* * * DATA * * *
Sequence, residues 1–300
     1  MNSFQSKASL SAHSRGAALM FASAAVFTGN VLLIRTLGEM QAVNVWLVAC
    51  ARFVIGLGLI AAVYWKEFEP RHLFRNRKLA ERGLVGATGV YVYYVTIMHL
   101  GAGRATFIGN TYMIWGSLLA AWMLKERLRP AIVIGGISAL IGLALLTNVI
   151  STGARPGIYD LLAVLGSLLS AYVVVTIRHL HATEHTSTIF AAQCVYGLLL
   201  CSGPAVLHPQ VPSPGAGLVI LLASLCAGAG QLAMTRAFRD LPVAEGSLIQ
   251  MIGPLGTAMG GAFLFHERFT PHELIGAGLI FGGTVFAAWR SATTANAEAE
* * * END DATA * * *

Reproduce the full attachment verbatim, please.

Sequence, residues 1–300
     1  MNSFQSKASL SAHSRGAALM FASAAVFTGN VLLIRTLGEM QAVNVWLVAC
    51  ARFVIGLGLI AAVYWKEFEP RHLFRNRKLA ERGLVGATGV YVYYVTIMHL
   101  GAGRATFIGN TYMIWGSLLA AWMLKERLRP AIVIGGISAL IGLALLTNVI
   151  STGARPGIYD LLAVLGSLLS AYVVVTIRHL HATEHTSTIF AAQCVYGLLL
   201  CSGPAVLHPQ VPSPGAGLVI LLASLCAGAG QLAMTRAFRD LPVAEGSLIQ
   251  MIGPLGTAMG GAFLFHERFT PHELIGAGLI FGGTVFAAWR SATTANAEAE